Foster care is intended to be temporary, and the goal is for children and teens to return home to their birth families when it’s healthy to do so. The Treatment Foster Care (TFC) team at UMFS understands this, which is why they work tirelessly to make reunification a reality.
“We’re doing a great service by keeping kids safe and placing them in foster homes,” said Ralph Branch, Community Based Services Supervisor in the UMFS Southwest Region. “But we have to remember, young people in foster care are leaving a whole life behind. When appropriate, it is important to have birth-family involvement, because they are the strongest natural support.”
Facilitating involvement with a birth-family after their child has entered foster care isn’t always easy. It takes empathy, patience, and time to build those relationships. That’s where Social Worker Jessie Qualls comes in.
“Jessie is bridging the gap between UMFS and birth families,” Ralph said. “And she’s empowering treatment teams to reduce stigmas.”
UMFS Southwest Regional Director Holly Coates couldn’t agree more. She said Jessie has an inherent ability to establish rapport. “She does an amazing job working with birth families,” Holly said. “Jessie builds authentic and genuine connections with them.”
Building connections with birth families means relentlessly pursuing solutions, which Jessie does with precision. She connects with birth families on phone calls, during in-home visits, and at support groups. She even creates trainings that are designed specifically for birth families and works to connect them with resources in the community.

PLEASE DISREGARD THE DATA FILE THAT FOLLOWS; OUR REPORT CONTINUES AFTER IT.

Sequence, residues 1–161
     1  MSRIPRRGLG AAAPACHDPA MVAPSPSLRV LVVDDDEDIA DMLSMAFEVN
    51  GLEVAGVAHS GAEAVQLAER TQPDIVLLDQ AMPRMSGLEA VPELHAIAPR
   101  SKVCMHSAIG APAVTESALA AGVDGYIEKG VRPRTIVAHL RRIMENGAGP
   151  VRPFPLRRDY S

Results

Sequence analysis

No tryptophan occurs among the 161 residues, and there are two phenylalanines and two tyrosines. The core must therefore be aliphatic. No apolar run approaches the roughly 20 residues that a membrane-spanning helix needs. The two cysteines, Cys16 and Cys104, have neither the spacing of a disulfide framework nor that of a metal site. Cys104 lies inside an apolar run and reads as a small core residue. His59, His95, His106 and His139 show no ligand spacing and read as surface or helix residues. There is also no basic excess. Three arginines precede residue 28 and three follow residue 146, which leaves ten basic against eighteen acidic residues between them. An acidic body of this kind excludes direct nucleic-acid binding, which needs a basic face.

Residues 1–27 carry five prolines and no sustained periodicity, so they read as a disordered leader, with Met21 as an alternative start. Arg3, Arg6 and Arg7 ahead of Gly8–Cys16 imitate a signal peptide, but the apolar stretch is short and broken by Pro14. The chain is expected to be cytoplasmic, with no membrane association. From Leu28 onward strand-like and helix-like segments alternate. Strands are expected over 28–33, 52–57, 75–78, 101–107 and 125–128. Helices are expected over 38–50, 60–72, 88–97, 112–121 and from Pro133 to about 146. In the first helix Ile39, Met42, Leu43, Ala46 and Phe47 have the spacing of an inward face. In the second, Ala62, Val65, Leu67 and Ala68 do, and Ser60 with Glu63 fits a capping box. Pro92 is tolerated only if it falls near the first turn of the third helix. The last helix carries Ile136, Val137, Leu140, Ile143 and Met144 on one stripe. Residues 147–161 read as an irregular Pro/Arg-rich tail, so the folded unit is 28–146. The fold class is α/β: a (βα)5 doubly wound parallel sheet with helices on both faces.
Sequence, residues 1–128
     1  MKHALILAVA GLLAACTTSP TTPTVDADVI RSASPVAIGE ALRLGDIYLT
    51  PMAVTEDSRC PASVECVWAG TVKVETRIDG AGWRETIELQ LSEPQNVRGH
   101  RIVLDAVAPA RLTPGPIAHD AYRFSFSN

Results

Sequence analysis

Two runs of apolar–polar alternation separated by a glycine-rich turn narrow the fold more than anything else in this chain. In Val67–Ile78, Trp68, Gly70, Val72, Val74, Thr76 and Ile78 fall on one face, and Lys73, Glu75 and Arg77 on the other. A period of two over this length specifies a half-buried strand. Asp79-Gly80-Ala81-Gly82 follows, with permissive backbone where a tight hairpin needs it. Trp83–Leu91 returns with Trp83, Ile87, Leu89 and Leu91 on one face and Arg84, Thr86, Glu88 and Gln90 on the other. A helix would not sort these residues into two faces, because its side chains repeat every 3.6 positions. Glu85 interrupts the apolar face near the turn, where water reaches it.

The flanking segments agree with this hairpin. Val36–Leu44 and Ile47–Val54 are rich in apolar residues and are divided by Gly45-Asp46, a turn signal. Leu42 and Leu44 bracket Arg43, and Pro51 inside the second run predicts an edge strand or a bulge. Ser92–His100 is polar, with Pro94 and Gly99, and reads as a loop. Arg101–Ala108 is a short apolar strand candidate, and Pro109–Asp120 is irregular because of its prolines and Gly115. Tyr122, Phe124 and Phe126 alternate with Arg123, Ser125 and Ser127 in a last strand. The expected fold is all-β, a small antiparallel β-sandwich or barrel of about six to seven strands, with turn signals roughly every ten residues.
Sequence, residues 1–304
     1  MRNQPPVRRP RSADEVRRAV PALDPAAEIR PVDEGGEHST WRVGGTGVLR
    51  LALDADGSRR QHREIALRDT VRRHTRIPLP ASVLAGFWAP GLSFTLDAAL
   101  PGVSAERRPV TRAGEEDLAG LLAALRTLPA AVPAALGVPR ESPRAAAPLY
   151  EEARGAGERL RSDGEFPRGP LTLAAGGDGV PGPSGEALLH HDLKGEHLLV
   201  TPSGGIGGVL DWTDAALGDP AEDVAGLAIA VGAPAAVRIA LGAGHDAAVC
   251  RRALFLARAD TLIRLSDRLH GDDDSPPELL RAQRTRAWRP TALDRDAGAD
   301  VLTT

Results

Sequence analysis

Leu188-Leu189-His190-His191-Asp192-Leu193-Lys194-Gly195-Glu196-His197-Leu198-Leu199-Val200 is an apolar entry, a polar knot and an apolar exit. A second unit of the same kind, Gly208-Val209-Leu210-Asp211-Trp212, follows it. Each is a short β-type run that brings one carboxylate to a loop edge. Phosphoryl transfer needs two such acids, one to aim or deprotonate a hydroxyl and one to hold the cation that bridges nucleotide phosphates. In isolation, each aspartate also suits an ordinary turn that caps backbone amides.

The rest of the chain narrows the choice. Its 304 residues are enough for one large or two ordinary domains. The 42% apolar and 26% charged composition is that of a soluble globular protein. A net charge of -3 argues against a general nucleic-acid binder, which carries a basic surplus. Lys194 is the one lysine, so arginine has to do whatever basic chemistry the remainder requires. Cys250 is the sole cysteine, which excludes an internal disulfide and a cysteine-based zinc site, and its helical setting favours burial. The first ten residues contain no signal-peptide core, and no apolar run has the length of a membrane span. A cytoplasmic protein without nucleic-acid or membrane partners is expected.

In addition, Jessie regularly advocates for birth families during meetings with Social Services, breaks down barriers, shatters preconceived notions, and dispels myths. Working with birth families “just comes naturally,” Jessie said.
“We want to let birth families know they have a say in how UMFS is caring for their child while in foster care,” Jessie continued. “We want birth parents to be part of the treatment plan and have then feel comfortable.”
By carefully outlining paths forward for birth families and recommending skills-based improvement plans, Jessie makes it clear that the focus is always on the potential for reunification. “Birth families trust her, and foster families trust her,” Holly said. “They rely on her to bridge the gaps.”
“She’s like a Swiss Army Knife,” Ralph said. “She has the ability to do it all!” And Ralph’s right: Jessie’s skills are well-versed and measurable. And her compassion? Well, it’s off the charts.
“She spends a lot of time working with birth families outside of normal business hours,” Ralph said, citing an instance where two young children in foster care were scheduled to return home to their birth parents. But just days before reunification, the birth parents endured a severe automobile accident.
It’s a situation Jessie remembers well. “I was on my way home from work when I got the call,” she said. “There were a bazillion thoughts running through my mind.” The accident sent both parents to the hospital. One parent’s injuries were severe. Thankfully, both parents began improving and “started making great progress,” Jessie said.
Jessie kept in close touch with the parents during their hospitalization. She drove the children to and from visitation and worked with her team to ensure the children remained in safe and loving foster homes. All the while, Jessie continued advocating for the parents during a time where they were physically unable to advocate for themselves. Jessie wasn’t going to let the accident stand in the way of all that had been accomplished.
Jessie saw to it that the path to reunification remained open, and she did so because she knew it was the right thing to do for the family. “Parents know what’s best,” Jessie said.
The children will return home just as soon as the parents recover completely from the accident, and it’s a reunion that Jessie said she can’t wait to witness. “Mom and dad have done everything you could ask anyone to do to bring their children home,” Jessie said.